What the Japanese paradox tells us about the global industrial cycle

"Adapting economic knowledge to market realities and breaking free from the tyranny of indices"
François-Xavier Chauchat
Member of the Investment Committee. Macroeconomic framework and asset allocation.
Dorval’s Macro Corner (March 2019)

The most recent news continue to paint a bleak picture of the global industrial sector, but after 15 months of slowdown, it is reasonable to believe that the trough of the global manufacturing cycle should not be too far away. Investors will remain nervous as long as they see no evidence of recovery, but friendly monetary policies should help to limit their anxiety.

If the recovery scenario materializes, the Japanese stock market looks particularly attractive. With a median P/E of around 12 (excluding financials), Japan is now by far the cheapest of all developed markets. Japan’s undervaluation contradicts the deep-rooted belief that equity valuation has been kept artificially high by central banks’ action. If that was the case, then how can Japanese equities be so cheap when the Bank of Japan continues with its policy of massive quantitative easing and is now top-10 shareholder in 40% of Japan's listed companies?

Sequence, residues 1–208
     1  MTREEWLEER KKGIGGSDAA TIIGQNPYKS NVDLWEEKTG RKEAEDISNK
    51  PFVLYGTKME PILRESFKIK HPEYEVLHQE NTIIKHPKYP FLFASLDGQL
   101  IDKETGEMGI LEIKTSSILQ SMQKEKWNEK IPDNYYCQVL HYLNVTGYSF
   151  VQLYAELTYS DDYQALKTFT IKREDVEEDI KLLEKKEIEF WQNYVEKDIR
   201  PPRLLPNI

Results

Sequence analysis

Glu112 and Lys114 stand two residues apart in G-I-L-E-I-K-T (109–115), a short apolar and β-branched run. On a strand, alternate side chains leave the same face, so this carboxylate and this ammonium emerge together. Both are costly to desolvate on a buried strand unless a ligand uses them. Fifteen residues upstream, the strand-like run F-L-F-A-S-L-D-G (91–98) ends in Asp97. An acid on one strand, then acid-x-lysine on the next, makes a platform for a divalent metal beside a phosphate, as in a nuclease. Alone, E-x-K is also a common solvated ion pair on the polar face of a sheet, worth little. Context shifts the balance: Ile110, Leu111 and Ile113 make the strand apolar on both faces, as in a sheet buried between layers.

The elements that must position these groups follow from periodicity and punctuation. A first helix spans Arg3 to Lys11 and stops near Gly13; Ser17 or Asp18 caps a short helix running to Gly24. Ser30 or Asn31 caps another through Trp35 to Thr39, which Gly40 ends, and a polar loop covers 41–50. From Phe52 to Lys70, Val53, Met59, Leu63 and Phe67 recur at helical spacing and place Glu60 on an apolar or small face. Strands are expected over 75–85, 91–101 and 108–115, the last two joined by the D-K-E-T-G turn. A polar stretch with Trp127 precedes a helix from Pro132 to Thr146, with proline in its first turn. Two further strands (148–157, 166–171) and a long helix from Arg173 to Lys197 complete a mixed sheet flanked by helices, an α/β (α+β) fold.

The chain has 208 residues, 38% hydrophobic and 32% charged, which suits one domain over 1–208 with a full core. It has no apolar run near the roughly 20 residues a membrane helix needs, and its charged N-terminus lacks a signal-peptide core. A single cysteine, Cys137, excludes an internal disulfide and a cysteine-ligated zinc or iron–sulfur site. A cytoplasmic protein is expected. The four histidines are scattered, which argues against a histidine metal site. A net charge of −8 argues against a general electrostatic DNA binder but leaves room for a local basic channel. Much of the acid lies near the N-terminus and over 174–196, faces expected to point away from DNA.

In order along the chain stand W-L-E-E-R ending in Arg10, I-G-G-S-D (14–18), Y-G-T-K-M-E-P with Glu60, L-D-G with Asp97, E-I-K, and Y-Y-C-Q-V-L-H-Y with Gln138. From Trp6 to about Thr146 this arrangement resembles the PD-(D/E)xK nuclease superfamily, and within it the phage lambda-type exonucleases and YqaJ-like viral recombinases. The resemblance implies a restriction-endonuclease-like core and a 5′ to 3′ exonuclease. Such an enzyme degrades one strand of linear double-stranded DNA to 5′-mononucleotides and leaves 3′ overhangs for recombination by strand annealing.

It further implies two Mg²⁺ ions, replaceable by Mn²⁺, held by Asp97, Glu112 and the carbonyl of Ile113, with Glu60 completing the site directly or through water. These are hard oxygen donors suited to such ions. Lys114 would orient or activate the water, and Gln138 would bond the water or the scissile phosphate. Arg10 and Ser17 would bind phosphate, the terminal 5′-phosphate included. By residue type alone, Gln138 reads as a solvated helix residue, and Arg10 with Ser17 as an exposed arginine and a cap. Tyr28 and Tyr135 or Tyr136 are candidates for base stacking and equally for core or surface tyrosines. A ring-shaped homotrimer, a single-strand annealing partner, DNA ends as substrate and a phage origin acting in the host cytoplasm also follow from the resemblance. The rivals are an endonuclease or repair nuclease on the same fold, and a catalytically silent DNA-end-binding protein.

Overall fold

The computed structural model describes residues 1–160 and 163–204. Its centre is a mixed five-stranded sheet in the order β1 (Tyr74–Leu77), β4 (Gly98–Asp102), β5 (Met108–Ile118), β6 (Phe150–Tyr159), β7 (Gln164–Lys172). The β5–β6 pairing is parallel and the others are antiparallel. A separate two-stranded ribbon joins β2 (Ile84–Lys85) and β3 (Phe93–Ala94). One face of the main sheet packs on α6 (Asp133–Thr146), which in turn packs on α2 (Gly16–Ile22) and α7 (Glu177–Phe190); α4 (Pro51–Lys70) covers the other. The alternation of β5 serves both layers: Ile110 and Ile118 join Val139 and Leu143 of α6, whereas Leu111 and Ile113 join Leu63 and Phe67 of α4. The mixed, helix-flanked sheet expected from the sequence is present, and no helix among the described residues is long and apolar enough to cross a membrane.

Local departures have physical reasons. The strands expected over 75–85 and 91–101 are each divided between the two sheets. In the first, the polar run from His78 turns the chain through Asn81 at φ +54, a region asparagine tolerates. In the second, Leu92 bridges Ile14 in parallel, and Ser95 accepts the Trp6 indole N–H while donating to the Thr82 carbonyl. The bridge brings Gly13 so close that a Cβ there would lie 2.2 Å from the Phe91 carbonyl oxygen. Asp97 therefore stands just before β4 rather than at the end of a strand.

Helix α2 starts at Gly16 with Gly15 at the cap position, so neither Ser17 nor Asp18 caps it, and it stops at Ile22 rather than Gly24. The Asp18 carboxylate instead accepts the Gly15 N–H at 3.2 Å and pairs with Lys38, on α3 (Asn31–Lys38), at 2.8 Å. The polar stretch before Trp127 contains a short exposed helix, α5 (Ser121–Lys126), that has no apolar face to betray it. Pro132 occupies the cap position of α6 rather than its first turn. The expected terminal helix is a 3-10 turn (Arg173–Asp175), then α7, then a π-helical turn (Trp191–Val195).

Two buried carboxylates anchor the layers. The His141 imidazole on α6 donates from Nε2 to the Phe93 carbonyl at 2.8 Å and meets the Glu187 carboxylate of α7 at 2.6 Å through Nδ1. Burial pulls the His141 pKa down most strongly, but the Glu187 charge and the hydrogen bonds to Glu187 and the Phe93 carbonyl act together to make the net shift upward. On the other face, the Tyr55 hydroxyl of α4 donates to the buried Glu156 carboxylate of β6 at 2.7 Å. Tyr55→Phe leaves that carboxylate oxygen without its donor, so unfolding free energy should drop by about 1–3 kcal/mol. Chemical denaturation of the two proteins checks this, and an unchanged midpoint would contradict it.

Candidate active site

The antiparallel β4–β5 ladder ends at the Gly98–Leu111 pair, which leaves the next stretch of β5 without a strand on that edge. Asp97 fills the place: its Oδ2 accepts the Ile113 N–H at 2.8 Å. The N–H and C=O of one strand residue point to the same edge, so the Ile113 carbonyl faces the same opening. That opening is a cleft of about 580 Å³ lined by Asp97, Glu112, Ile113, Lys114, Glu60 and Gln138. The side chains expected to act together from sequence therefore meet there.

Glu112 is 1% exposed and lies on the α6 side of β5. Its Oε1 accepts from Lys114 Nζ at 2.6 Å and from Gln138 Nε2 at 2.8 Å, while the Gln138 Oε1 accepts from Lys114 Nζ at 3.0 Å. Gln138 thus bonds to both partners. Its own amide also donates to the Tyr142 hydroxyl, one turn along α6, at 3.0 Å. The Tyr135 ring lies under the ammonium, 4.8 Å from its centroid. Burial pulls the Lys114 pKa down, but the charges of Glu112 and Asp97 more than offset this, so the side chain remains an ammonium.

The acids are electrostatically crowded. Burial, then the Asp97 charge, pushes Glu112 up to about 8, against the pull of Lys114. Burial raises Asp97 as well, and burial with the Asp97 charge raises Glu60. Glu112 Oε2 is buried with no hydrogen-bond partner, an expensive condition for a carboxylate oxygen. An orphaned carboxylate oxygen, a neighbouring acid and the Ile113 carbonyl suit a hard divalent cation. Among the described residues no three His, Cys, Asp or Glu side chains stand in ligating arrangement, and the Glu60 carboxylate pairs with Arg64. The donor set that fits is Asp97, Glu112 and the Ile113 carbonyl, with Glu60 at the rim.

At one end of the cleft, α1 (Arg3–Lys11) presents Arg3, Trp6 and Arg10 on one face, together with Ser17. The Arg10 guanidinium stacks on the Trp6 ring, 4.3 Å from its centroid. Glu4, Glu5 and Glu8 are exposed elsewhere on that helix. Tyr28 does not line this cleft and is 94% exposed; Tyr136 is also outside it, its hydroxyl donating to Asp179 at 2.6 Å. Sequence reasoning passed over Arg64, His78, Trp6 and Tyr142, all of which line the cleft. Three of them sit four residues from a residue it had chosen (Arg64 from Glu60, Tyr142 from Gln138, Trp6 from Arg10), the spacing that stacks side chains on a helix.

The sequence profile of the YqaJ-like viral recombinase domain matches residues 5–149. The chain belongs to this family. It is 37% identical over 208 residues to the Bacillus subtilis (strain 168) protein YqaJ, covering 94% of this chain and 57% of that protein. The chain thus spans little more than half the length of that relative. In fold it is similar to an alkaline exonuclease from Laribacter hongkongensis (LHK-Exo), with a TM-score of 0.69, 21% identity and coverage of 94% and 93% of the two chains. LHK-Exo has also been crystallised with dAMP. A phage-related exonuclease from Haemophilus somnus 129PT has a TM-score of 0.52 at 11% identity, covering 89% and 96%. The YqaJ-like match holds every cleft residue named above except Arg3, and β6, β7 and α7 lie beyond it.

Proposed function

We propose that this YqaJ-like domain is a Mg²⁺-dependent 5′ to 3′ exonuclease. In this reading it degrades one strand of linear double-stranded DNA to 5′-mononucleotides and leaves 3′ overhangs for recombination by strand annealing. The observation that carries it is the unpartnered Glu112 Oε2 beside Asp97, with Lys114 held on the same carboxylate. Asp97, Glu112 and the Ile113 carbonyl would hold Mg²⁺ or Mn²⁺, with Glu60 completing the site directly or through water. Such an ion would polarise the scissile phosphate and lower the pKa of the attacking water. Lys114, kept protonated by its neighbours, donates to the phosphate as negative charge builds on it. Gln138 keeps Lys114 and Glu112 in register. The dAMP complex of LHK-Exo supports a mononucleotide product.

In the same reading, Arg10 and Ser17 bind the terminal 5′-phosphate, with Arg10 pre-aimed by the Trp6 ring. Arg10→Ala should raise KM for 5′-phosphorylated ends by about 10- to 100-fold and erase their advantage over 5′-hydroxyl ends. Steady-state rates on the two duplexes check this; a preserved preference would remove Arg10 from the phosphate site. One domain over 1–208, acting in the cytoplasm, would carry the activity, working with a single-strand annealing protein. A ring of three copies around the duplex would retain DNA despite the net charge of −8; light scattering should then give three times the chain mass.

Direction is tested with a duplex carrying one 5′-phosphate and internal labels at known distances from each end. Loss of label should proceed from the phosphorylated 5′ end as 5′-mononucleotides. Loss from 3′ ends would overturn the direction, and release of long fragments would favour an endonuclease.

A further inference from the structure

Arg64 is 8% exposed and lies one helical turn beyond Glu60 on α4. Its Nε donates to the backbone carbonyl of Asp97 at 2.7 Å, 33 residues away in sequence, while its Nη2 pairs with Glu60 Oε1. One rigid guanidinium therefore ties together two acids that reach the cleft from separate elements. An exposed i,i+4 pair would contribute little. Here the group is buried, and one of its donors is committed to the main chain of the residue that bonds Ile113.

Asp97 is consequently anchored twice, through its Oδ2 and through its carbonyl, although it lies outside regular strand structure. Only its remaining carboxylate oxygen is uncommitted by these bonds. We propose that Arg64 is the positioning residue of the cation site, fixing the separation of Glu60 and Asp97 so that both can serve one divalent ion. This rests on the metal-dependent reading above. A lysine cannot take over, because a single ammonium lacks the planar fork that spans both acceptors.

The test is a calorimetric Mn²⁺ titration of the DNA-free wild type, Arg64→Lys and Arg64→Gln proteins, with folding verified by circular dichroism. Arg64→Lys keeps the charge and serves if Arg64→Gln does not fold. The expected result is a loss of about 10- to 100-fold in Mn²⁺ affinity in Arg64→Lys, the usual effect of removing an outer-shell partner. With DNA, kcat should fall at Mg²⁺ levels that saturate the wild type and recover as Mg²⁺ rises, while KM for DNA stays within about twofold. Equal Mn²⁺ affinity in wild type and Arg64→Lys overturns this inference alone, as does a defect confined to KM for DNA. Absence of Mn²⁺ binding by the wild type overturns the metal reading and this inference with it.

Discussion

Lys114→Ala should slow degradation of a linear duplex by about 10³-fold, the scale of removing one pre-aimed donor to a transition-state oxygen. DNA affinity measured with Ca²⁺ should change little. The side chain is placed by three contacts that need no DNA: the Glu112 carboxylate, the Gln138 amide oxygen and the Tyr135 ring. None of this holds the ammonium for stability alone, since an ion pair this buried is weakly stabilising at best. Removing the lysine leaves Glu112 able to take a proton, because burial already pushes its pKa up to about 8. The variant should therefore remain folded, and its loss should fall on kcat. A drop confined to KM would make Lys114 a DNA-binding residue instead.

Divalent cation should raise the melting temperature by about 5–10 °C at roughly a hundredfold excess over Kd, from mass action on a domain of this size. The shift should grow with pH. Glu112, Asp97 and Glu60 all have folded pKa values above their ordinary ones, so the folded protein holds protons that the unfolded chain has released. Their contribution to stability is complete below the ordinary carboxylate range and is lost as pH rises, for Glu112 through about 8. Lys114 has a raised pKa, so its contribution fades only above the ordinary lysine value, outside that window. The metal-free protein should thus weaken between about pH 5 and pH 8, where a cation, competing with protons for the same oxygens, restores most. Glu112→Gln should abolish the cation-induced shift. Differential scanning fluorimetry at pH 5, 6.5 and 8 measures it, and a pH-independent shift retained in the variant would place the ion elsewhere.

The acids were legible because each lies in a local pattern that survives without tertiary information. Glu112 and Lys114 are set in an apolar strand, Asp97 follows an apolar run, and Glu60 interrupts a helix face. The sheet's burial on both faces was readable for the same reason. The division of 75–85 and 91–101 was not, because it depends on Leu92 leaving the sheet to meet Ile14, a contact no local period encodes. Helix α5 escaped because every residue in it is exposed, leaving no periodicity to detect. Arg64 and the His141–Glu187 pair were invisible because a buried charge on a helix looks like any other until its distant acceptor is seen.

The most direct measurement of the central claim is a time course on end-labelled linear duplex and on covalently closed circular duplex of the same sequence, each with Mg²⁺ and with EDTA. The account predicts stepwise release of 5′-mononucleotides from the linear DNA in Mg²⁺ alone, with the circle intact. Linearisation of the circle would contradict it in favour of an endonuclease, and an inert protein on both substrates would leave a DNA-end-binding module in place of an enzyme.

One key reason for Japan’s record low equity valuation is that its market has a much more extensive range of industrial companies than other countries. Thus, the depressed valuation of Japanese equities is telling us a lot about the extreme level of investors’ anxiety on manufacturing and trade. Along with other cyclicals in Europe and Asia, Japanese export champions should strongly rebound when the global industrial cycle begins to recover, or even before if a US/China trade deal is concluded.


Download the Dorval’s Macro Corner of March 2019 in PDF


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